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Changing the Game – A Brief History of CPU’s

The Past

The world of Central Processing Units (CPUs) is an interesting one, driven largely by the competition between AMD and Intel and in some cases, Via.  It is strange to see how, over time, people’s expectations of CPUs have changed.  In recent years it has become apparent that we will never be satisfied, that no processor is “fast enough”.  As soon as a new processor is released, consumers find a way to push its limits, and this “need for speed” is what keeps companies like AMD and Intel going.  The interesting thing here is how the quest for speed, and the means of attaining it have changed over time.

Early in the game, the manufacturing technology was not a major driver of the change in processors, the focus was on the architecture.  The leading style for PC applications was x86, and the competition between AMD and Intel was to make the best x86 processor possible.  At the time, they didn’t have the luxury of hundreds of billions of transistors per chip, they had to pick and choose their battles, and attempt to predict what would be most important to the consumer.

At that time, clock speed was what everyone looked for to determine the top CPU.  Intel’s Pentium processor debuted with a clock speed of 66 MHz, which seems like nothing now, but was nearly triple that of its predecessor.  The emphasis on clock speed grew dramatically as Intel released its Pentium 2, 3, and 4 models at 300 MHz, 500 MHz, and 1.5 GHz respectively.  Now we are all so used to clock speeds in the Gigahertz range that we have forgotten how recently we broke that barrier.

AMD Phenom Architecture

The Present

Now consumers not only want to do things fast, they want to do a lot of things fast, at once, and this has driven a change in the industry.  The processor had reached the point where its progression was beginning to slow, and the resolution was dual-core, allowing users to multitask much more efficiently.  Now we are seeing quad-core in desktop applications and significantly more cores in server applications.  The only way that this became possible was through major advances in process technology, by shrinking the size of the transistor, CPUs could have exponentially more of them.  This allows for not only more powerful cores, but for multiple cores to be included in one package.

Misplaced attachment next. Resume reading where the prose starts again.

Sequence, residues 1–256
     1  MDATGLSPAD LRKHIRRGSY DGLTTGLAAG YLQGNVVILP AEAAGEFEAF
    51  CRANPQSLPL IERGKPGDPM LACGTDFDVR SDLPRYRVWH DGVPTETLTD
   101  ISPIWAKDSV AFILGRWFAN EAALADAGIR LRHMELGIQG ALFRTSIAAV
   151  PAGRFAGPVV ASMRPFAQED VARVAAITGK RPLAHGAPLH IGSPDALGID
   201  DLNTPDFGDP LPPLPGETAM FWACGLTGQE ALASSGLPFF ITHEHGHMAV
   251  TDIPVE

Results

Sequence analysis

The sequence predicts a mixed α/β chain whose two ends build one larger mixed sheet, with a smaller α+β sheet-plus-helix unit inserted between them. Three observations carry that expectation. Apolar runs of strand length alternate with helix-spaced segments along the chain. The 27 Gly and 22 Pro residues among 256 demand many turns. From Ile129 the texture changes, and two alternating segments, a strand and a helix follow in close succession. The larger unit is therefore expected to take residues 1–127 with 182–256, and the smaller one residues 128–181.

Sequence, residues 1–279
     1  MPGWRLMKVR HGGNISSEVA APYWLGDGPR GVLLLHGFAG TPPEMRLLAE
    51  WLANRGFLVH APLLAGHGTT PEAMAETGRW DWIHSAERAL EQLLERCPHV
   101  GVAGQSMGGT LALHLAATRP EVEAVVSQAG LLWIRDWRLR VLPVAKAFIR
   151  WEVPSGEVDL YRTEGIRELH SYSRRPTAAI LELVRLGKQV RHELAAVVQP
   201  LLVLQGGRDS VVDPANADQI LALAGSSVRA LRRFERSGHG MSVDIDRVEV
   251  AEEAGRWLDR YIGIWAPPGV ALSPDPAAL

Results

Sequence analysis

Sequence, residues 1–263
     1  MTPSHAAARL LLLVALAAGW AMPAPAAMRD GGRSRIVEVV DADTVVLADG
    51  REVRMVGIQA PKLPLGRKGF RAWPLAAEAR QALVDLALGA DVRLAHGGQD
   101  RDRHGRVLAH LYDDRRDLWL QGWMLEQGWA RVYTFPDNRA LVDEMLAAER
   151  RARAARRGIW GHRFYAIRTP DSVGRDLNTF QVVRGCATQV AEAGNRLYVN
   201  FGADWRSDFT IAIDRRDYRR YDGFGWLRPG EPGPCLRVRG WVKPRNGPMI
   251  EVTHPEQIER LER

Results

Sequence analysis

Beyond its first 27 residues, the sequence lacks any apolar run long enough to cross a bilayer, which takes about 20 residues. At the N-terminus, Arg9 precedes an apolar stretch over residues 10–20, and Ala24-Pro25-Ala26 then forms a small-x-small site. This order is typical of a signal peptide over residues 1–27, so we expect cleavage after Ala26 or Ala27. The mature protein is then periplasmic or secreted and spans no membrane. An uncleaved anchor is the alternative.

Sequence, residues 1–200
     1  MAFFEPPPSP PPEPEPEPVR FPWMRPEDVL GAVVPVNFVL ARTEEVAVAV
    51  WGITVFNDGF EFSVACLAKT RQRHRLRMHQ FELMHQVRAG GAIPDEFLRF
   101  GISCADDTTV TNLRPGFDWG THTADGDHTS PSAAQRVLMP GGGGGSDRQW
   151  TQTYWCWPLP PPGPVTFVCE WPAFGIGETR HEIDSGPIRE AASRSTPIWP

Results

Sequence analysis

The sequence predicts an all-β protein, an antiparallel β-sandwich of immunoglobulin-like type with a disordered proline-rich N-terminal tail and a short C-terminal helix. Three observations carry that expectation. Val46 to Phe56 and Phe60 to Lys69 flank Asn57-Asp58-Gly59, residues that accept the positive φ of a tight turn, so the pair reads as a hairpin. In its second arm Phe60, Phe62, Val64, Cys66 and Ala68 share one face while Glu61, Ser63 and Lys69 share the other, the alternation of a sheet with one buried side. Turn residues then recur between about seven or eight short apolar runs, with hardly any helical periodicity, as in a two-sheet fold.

Intel has been a major driver of process technology, largely because of its leading edge fabrication plants (fabs), and large R&D budget.  They released the first 45nm CPU in 2007 and AMD followed shortly thereafter.  Now that AMD has spun off its fabs into a new, independent company GlobalFoundries, expect more competition from them in driving process technology.

The Future

With CPUs trending towards more cores and less power, especially for laptops and netbooks, look for quick advances in manufacturing technology.  It was only 2 years between 65nm and 45nm, and I would expect that 32nm processors are not far away.  With a new technology and smaller transistors, look for the next wave of processors to have much faster clocks, more cores (on average), and longer battery life in mobile applications.  Could the next wave of 8 Cored 32nm processors be right around the deveoping corner? Every time it appears that Intel is unbeatable, AMD has showed the thought behind their name (Advanced Micro Devices) and shocked Intel, time and time again, .  Look for AMD to quickly close the gap that Intel has created, and possibly beat them to the 32nm punch. And it could all go down sooner than we all think…

What have you Heard?

9 Comments... What's your say?

  1. The simple fact is that multi-core cpu were in the market — mostly used by business community. The only reason Intel, and AMD pushed it into the commercial PC is quite obvious — they couldn’t build 4GHz CPU. There was not a trend — furthermore to this day Intel, and AMD deny that they have hit the speed wall.

    This is why we don’t see multicore 20ghz cpu — say each core are around 5ghz… The idea that there is no legit application for such massive power is absurd. We didn’t need 2ghz computer to run XP, let alone windows 2000, but they were there b/c companies could produce them.

    5ghz multi-core cpu are not in the market b/c Moor’s law died 5 years ago. Even he admitted it…

  2. Sometimes one just can’t believe what you’d see on a piece. This been somehow exemplary, although I have no intention to disagree on the perspective, only that I tend to think the scope of it may be off.
    Let me try to explain what I mean. Anybody who is familiar with Kai Hwang’s book would know there’s a plethora of exotic design of CPUs in the early days. Heck, the dual issue IBM 360, is it S series or something which is exactly the early incarnation of hyper-threading and multi-core? The other heavy use of contemporary is pipelines. Other than these, aren’t there any other good ideas?